Solutions for Animas River Toxins?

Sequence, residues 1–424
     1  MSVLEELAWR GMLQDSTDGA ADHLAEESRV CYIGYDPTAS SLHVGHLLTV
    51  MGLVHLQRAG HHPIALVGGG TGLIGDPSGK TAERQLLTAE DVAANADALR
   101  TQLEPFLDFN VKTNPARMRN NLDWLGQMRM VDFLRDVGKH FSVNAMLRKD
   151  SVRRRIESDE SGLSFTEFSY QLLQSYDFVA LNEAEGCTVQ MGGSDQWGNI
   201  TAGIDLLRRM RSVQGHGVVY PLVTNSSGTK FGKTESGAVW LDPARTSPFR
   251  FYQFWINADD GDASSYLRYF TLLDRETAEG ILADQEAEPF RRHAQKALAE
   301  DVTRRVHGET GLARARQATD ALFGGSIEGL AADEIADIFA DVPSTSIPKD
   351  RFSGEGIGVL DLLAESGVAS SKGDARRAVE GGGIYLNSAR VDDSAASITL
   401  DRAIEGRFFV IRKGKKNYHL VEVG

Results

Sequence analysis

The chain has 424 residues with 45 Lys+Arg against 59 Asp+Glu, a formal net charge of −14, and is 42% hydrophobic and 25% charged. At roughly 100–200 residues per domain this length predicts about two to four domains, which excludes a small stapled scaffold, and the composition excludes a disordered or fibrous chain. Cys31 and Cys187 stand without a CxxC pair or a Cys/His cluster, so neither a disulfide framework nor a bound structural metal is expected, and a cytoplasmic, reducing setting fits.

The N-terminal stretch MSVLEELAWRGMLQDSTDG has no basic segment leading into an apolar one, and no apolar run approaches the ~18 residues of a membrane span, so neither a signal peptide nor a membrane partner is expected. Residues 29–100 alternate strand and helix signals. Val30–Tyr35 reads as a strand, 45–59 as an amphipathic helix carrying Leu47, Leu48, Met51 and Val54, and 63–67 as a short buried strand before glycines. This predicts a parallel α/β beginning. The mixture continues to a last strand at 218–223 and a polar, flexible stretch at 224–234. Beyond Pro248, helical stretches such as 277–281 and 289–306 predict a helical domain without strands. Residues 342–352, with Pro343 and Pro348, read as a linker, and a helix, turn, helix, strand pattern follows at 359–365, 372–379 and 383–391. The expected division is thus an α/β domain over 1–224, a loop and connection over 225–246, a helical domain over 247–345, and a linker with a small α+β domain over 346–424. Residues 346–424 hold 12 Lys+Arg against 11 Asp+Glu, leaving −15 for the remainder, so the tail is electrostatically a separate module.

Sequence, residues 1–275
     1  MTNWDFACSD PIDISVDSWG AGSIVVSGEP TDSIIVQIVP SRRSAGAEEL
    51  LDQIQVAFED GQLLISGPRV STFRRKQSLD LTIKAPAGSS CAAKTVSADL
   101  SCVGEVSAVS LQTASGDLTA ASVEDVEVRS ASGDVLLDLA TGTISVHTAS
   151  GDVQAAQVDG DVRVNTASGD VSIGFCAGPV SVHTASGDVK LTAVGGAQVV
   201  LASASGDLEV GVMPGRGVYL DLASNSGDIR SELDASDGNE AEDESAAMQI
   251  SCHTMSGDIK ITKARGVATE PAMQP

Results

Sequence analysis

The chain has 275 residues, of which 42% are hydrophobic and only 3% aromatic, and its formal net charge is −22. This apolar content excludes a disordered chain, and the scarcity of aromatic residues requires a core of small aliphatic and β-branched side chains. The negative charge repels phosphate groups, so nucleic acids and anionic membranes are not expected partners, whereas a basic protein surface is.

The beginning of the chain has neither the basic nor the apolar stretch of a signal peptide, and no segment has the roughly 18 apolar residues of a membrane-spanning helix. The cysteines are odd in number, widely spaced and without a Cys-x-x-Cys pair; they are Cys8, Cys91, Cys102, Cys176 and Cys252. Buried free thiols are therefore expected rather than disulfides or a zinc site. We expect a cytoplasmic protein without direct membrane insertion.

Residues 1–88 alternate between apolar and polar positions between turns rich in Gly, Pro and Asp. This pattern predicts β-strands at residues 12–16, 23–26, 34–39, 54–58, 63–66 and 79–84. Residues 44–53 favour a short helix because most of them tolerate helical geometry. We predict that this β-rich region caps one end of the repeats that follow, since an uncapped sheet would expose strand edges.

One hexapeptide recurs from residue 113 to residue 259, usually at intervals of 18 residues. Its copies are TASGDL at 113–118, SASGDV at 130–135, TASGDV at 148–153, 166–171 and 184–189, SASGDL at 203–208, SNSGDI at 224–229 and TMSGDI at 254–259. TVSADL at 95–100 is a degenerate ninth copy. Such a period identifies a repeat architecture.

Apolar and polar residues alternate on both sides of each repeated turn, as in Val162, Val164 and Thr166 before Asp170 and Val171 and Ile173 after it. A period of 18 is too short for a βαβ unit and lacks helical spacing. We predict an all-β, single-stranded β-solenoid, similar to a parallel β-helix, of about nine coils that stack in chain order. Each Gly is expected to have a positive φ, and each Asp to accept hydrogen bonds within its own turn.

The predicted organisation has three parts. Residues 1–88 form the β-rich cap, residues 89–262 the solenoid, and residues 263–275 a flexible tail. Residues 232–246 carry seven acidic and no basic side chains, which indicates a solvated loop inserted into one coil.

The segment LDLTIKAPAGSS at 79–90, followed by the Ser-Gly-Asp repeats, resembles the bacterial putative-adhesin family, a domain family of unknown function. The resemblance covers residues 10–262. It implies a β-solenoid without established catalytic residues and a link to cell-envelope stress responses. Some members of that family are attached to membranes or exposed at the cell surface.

According to a Durango Herald article, plans using a synthetic foam, a passive wetland, and even sugarcane are the latest that members of the Animas River Stakeholders Group are considering in the battle against toxic waste coming from abandoned hardrock mines. The offending mines, near Gladstone, a ghost town north of Silverton, empty up to 800 gallons a minute of iron, cadmium, copper, zinc, and aluminum into Cement Creek, a tributary to the Animas River. In November, the group heard three reports on processes to manage toxic waste. Two reports involved treatment of water draining principally from five mines. The other dealt with toxics in waste piles such as mine tailings. All the treatment methods are test-proven, but their proponents want to expand from experimental to field-ready status. A limestone treatment operation was used to neutralize the toxins in the past, but was abandoned. The process is expensive and produces sludge that is difficult to dispose of. A couple of years ago, the stakeholders group, formed in 1994, tested an electro-shock treatment, intended to cause the heavy metals in the effluent to precipitate. But the system didn’t prove its announced merits.